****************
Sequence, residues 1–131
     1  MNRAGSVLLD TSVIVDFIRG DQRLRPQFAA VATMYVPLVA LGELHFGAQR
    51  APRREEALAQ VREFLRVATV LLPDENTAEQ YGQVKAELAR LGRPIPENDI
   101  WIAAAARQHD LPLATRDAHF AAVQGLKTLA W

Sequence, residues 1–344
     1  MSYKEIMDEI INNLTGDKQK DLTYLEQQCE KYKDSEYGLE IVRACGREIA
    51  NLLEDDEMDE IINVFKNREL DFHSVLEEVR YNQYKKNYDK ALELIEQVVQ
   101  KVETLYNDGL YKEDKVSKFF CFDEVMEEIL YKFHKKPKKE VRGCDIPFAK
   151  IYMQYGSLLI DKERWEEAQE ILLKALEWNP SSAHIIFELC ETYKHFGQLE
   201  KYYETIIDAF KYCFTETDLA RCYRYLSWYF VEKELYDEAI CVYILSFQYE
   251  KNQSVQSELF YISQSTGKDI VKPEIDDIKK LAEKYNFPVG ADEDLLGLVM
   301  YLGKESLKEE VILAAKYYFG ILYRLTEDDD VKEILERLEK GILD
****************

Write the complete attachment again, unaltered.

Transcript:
Sequence, residues 1–131
     1  MNRAGSVLLD TSVIVDFIRG DQRLRPQFAA VATMYVPLVA LGELHFGAQR
    51  APRREEALAQ VREFLRVATV LLPDENTAEQ YGQVKAELAR LGRPIPENDI
   101  WIAAAARQHD LPLATRDAHF AAVQGLKTLA W

Sequence, residues 1–344
     1  MSYKEIMDEI INNLTGDKQK DLTYLEQQCE KYKDSEYGLE IVRACGREIA
    51  NLLEDDEMDE IINVFKNREL DFHSVLEEVR YNQYKKNYDK ALELIEQVVQ
   101  KVETLYNDGL YKEDKVSKFF CFDEVMEEIL YKFHKKPKKE VRGCDIPFAK
   151  IYMQYGSLLI DKERWEEAQE ILLKALEWNP SSAHIIFELC ETYKHFGQLE
   201  KYYETIIDAF KYCFTETDLA RCYRYLSWYF VEKELYDEAI CVYILSFQYE
   251  KNQSVQSELF YISQSTGKDI VKPEIDDIKK LAEKYNFPVG ADEDLLGLVM
   301  YLGKESLKEE VILAAKYYFG ILYRLTEDDD VKEILERLEK GILD